West Virginia Gave Away Custom Guns As Vaccine Incentive. Did It Work?

West Virginia Gave Away Custom Guns As Vaccine Incentive. Did It Work?
AP Photo/Craig Ruttle)

Eight years ago, when my wife and I decided that we were ready to leave the D.C. suburbs of northern Virginia for someplace rural, we had no idea where we’d end up. For months we drove around the Shenandoah Valley, central Virginia, and even West Virginia looking for a place we could call home, and we fell in love with a small farm about three hours south of Washington, D.C.

I still love where I live, but honestly, there was a house outside of Romney, West Virginia that was a close second. I’ve been thinking more and more about that place over the past couple of years as Virginia’s trended blue, and stories like this one don’t help.

Chuck Boggs said Monday he got a call out of the blue from the governor’s office, asking if he could supply the state with 35 top-of-the-line customized rifles and 35 top-of-the-line customized shotguns for Gov. Jim Justice’s vaccination incentive sweepstakes.


However, Boggs said he wasn’t surprised he got the call, since he said he’s probably the only gun dealer in the state, and one of the few on the East Coast, that could handle an order of that size.


“There’s only a couple of dealers in the eastern U.S. they could have dealt with, no question about that,” said Boggs, who has operated Boggs Gun Shop in Charleston for 47 years.


According to the invoice obtained from the governor’s office through a Freedom of Information Act request, the governor’s office paid Boggs a total of $145,880 for the 70 firearms given away in the first round of the “Do It For Babydog” vaccination incentive sweepstakes.


That included $111,965 for 35 Benelli custom, engraved rifles, at $3,199 each, and $33,915 for 35 Henry custom, engraved shotguns at $969 each.

Babydog, in case your wondering, is Gov. Jim Justice’s 1-year old English bulldog. And while I can’t say that the name of the vaccination campaign is all that compelling, the potential prizes for those who get vaccinated might very well prompt some reluctant residents to get jabbed.
At the moment, only 39.5% of West Virginia residents are fully vaccinated, compared to 52.7% of the U.S. population. With COVID cases rising in the state, officials are growing increasingly concerned about the ability to care for those who become seriously ill from the coronavirus.

There were 640 patients hospitalized statewide due to COVID-19 as of Monday afternoon, with 203 patients in intensive care units, according to James Hoyer, who leads the state’s COVID-19 vaccine distribution efforts.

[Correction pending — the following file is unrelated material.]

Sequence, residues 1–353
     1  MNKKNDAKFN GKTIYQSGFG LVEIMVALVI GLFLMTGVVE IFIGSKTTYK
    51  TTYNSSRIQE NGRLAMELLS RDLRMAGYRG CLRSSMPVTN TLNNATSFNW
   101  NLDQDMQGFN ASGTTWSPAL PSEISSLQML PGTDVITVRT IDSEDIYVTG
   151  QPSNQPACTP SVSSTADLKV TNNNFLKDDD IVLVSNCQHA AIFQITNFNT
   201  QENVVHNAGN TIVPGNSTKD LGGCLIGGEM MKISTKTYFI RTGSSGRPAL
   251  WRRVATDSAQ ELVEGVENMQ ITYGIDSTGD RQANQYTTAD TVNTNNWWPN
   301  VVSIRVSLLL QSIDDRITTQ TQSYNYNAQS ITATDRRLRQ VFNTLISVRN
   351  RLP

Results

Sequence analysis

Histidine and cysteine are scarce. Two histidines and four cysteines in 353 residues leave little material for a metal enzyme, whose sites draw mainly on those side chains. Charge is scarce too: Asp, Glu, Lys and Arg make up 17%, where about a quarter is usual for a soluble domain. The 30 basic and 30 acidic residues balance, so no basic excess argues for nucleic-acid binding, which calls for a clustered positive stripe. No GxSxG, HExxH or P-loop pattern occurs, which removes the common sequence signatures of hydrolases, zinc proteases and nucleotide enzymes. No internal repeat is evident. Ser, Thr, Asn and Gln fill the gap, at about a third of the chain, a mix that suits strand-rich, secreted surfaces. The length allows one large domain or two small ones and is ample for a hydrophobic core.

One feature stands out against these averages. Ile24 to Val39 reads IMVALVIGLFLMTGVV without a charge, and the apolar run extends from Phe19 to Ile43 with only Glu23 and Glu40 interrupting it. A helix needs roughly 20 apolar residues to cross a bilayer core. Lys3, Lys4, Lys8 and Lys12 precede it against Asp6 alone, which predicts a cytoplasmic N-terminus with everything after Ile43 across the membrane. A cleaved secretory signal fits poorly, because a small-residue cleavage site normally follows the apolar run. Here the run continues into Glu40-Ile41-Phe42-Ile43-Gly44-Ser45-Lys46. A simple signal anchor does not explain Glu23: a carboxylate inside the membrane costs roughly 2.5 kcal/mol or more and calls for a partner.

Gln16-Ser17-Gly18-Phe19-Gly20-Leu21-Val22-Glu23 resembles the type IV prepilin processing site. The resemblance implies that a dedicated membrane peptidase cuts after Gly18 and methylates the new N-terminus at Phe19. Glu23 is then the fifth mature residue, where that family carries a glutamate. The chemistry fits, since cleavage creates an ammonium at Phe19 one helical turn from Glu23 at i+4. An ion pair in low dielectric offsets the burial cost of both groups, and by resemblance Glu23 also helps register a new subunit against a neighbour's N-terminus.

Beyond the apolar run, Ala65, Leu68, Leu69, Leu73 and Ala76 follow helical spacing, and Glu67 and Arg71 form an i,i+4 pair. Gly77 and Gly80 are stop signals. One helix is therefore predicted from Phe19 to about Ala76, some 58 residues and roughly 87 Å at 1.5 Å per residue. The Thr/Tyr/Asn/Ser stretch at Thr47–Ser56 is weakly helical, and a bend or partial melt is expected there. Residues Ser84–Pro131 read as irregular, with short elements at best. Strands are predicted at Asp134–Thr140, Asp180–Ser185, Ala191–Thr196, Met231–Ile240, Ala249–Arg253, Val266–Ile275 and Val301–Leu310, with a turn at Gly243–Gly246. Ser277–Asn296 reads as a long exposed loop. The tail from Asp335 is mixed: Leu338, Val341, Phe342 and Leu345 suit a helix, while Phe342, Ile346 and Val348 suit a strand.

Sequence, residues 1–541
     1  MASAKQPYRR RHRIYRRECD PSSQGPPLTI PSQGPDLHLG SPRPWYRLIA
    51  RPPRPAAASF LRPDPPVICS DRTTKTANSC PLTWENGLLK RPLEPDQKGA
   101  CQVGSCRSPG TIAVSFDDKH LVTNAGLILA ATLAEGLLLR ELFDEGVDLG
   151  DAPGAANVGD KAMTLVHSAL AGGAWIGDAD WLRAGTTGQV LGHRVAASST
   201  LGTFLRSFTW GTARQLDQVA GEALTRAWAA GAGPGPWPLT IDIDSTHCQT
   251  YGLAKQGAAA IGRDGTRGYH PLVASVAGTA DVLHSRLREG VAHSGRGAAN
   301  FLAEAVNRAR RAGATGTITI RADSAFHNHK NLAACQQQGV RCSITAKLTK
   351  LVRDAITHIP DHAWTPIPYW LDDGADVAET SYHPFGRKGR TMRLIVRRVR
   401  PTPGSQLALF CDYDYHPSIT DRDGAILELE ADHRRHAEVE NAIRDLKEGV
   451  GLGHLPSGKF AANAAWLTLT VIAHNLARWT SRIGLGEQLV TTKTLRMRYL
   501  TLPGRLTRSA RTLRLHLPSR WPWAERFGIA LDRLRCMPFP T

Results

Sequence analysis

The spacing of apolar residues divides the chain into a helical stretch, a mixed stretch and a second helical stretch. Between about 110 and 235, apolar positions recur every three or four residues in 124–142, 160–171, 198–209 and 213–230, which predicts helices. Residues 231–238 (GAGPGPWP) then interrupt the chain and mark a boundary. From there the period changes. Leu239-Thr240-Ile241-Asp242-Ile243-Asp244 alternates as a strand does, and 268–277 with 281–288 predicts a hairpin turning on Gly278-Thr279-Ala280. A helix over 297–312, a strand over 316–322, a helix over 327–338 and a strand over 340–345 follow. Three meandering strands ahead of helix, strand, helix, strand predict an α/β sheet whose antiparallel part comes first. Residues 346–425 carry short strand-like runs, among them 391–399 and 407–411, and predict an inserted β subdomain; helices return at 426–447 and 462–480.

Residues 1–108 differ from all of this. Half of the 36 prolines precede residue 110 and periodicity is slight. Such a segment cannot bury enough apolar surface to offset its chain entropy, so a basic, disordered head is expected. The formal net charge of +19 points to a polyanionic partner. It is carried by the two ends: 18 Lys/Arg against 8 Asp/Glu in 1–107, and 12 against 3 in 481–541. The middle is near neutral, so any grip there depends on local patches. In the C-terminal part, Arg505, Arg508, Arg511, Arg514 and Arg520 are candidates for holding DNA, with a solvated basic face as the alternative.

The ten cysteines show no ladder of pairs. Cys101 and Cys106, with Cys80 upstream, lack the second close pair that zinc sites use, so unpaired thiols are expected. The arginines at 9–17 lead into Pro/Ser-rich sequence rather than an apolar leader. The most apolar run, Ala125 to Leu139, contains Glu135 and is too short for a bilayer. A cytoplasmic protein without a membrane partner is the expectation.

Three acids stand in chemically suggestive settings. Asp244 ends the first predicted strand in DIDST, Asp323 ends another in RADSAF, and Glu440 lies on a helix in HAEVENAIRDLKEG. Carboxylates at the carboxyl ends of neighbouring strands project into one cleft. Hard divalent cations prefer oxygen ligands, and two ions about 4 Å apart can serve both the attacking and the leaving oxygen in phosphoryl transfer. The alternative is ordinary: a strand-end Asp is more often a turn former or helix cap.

On Friday, the state reported 579 COVID-19-related hospitalizations and 181 patients in ICU units.

The state is now quickly approaching its previous all-time record for COVID-19-related ICU hospitalizations, which was reported Jan. 6 when there were 219 patients statewide in ICU units.

Given those figures, you can understand why the governor is pushing vaccines as hard as he is. But is West Virginia’s gun giveaway for the vaccinated making a difference? At the moment, it appears the answer is “no.”

The trend is certainly heading in the right direction, but the real surge in vaccinations came back in the spring, and has largely remained flat over the past month. With the vaccination lottery expected to announce its first list of winners later this week, perhaps the press attention will lead to another spike in vaccinations, but that wasn’t the case during the state’s first round of free prizes for the vaccinated.

Justice used more than $10 million of unexpended federal CARES Act pandemic relief funds to pay for prizes in the first round of the sweepstakes, which featured weekly $1 million cash giveaways, and has said the second round of the sweepstakes will cost taxpayers an additional $6 million to $8 million.


Justice has said he is using state of emergency exemptions in state purchasing laws to award the no-bid contracts for the sweepstakes prizes.


The Gazette-Mail previously reported that the governor’s office paid more than $1 million to purchase 14 luxury pickup trucks given away as first-round prizes, purchased from auto dealers around the state, including several who contributed to Justice’s 2020 gubernatorial campaign.


Justice has defended holding the expensive vaccination incentive sweepstakes, even though state vaccination rates actually declined during the first sweepstakes, conducted from late June through early August.

And for the record, no guns are being offered as prizes in this latest sweepstakes. Instead, the 70 guns the state purchased from Boggs were given away during the initial vaccine lottery, though the gun store owner says he believes that the custom firearms were an excellent incentive earlier this year and he’s disappointed that firearms aren’t a part of the upcoming prize package.
I tend to agree, though the data certainly indicates otherwise. Based on the latest vaccination rates, it looks like many West Virginians are still holding out, regardless of what prizes are being dangled in front of them. If even a custom rifle isn’t enough to get residents to bare their arms, I don’t think that Justice is going to be able to incentivize his way to a vaccination rate over 50%.